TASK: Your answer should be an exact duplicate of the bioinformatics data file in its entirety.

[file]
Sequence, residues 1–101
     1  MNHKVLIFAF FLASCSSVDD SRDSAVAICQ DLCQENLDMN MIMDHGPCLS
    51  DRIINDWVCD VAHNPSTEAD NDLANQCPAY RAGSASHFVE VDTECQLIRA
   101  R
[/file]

Sequence, residues 1–101
     1  MNHKVLIFAF FLASCSSVDD SRDSAVAICQ DLCQENLDMN MIMDHGPCLS
    51  DRIINDWVCD VAHNPSTEAD NDLANQCPAY RAGSASHFVE VDTECQLIRA
   101  R